So the back of the envelope tells us that my car requires around 530 watts, or nearly two thirds of a horsepower (745.7 watts = 1 hp) to run its alternator (for the load specified).

I've calculated elsewhere that the Firefly has to generate 5.4 hp to maintain 70 km/h in ideal circumstances. So reducing that power requirement by 0.64 hp should reduce fuel consumption by a similar amount: which is 11.9% (at that speed).

Worth trying? Sure!

Unbelting the Blackfly: the water pump conundrum ...

To do this test, removing the belt that turns the alternator was easy. Unfortunately, that belt also turns the water pump.

Of course, I could have just disconnected the alternator electrically and left the belt in place, but I wanted to do the full Monty and shed belt & pulley fan losses too. This required a bit of MacGyvering to get the water pump spinning again:

Inner tube: water pump belt material

Panty hose? No...

The first approach I tried (and the one used for this test) was to make 2-ply loop from a 3/4 inch wide strip of rubber cut from an old bicycle inner tube. I cut & stapled one together, stretched it taut over the crank & water pump pulleys, and surprisingly, it worked (long enough to test with, anyway).

Experiment: testing an unbelted alternator ...

- Weather

June 7, 2006 - 8 PM
Temperature ... 12.3° C
Pressure ...... 1011.2
Wind .......... NNE 4.9 kts

- The experiment

This was an A-B-A comparison on my usual nearly level test route, where A = alternator connected as usual, and B = alternator belt removed (with the temporary rubber belt running the water pump from the crank pulley).

Speed was 70 km/h (43.5 mph) using cruise control set once, cancelled with the brake between runs, and resumed for subsequent runs.

- Results

@ 70 km/h / 43.5 mph - MPG (US)

A = alternator connected
B = alternator disconnected (belt off)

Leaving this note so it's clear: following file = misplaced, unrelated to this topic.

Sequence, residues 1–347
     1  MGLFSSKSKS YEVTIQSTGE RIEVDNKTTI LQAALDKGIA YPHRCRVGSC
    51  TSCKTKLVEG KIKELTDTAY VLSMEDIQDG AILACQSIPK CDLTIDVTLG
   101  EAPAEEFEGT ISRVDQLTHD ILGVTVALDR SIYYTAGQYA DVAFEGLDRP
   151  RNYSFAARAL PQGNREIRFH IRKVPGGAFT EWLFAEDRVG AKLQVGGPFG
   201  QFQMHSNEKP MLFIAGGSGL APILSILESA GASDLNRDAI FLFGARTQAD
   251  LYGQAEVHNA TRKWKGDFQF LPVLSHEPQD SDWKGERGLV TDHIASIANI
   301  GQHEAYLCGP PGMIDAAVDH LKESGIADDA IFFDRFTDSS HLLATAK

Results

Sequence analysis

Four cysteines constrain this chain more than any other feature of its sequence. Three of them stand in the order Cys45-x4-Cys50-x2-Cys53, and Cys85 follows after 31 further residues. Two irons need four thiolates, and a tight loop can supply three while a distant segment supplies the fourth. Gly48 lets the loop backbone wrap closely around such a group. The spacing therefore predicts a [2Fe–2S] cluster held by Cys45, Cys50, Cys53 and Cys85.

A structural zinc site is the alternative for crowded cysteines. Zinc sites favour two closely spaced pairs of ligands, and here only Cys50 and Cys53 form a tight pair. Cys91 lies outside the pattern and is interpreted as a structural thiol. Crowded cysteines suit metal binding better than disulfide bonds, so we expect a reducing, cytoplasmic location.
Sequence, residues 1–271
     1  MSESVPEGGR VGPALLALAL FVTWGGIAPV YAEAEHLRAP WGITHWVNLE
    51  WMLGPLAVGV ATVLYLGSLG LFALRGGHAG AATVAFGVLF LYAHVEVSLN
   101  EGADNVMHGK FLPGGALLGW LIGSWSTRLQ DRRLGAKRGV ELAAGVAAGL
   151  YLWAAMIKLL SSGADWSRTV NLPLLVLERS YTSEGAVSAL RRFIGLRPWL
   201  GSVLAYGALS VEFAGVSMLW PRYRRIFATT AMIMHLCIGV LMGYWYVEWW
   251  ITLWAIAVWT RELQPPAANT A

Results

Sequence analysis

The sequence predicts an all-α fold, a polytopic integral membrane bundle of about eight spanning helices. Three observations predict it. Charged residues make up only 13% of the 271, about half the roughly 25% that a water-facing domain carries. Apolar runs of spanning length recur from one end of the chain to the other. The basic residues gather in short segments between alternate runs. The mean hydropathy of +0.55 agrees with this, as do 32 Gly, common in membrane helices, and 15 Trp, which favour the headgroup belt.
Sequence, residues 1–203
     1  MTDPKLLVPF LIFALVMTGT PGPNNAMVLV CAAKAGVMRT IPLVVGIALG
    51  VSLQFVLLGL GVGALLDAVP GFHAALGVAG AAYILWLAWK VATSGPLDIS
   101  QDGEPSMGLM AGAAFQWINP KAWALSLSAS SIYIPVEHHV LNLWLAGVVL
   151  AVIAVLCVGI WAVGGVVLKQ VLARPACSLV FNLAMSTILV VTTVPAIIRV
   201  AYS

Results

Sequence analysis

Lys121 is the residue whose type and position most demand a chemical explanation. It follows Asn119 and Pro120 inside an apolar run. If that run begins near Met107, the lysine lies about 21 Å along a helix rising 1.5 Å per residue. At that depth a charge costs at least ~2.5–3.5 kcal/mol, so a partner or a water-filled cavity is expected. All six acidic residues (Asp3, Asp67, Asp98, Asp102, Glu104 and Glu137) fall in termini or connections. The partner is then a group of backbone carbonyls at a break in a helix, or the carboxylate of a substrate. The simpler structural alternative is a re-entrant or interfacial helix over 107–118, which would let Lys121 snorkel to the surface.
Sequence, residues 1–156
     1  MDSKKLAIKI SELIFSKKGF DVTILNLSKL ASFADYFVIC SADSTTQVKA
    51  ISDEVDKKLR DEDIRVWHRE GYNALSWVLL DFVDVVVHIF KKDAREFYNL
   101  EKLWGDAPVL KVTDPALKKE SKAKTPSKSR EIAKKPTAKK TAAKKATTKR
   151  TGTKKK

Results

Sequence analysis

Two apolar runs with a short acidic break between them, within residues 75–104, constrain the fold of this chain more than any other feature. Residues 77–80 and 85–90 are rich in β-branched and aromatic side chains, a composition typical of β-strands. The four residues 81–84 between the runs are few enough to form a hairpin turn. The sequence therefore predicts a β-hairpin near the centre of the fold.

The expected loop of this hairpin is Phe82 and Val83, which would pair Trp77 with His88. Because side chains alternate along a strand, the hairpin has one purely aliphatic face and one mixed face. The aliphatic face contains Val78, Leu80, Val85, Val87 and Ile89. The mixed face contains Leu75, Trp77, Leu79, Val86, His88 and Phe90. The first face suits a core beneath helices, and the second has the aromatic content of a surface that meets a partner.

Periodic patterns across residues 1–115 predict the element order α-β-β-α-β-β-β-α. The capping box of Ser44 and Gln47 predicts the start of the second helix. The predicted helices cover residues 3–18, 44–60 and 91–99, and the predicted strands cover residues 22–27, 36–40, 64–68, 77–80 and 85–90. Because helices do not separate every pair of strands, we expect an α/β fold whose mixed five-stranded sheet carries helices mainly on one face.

A/B ... West ... East ... Average MPG (US) / L/100 km / MPG (imperial)

A ..... 71.2 ... 68.1 ... 71.65 / 3.28 / 86.05
A ..... 73.4 ... 68.7 ... 71.05 / 3.31 / 85.33
A ..... 73.1 ... 68.5 ... 70.80 / 3.32 / 85.03

B ..... 78.1 ... 76.3 ... 77.20 / 3.05 / 92.72
B ..... 81.3 ... 75.4 ... 78.35 / 3.00 / 94.09
B ..... 82.3 ... 75.1 ... 78.70 / 2.99 / 94.52

A ..... 75.0 ... 66.6 ... 70.80 / 3.32 / 85.03
A ..... 72.0 ... 67.2 ... 69.60 / 3.38 / 83.49

A average ... 70.78 mpg (US) / 3.23 / 85.0
B average ... 78.08 mpg (US) / 3.01 / 93.77

7.3 mpg (US) - difference of between A avg. and B avg. runs
10.3% - increase in fuel economy without alternator

Chart: alternator vs. no alternator


  • The last group of A runs were made after reinstalling the belt and driving for 10 minutes to replace energy taken from the battery from the B runs (simply re-installing the belt and doing the final A runs would have skewed the results as the alternator would have been under more load while recharging ).
  • Electrical loads, all runs: cruise control, parking lights
  • For the last bi-directional A run, the headlights were on (ran out of daylight). This added electrical load can be seen in the run's slightly lower numbers.

Observations ...

  • Wow! What a surprise - 10% is significant. In fact, this turned out to be the largest single fuel economy improvement of all the mods I've tried to date.
  • Smooth move: with the alternator unbelted, the engine seems to run smoother and is more responsive, particularly at low rpm where I usually have it - but that would make sense for a small engine in a light car where the electrical load is a proportionately larger portion of driving load.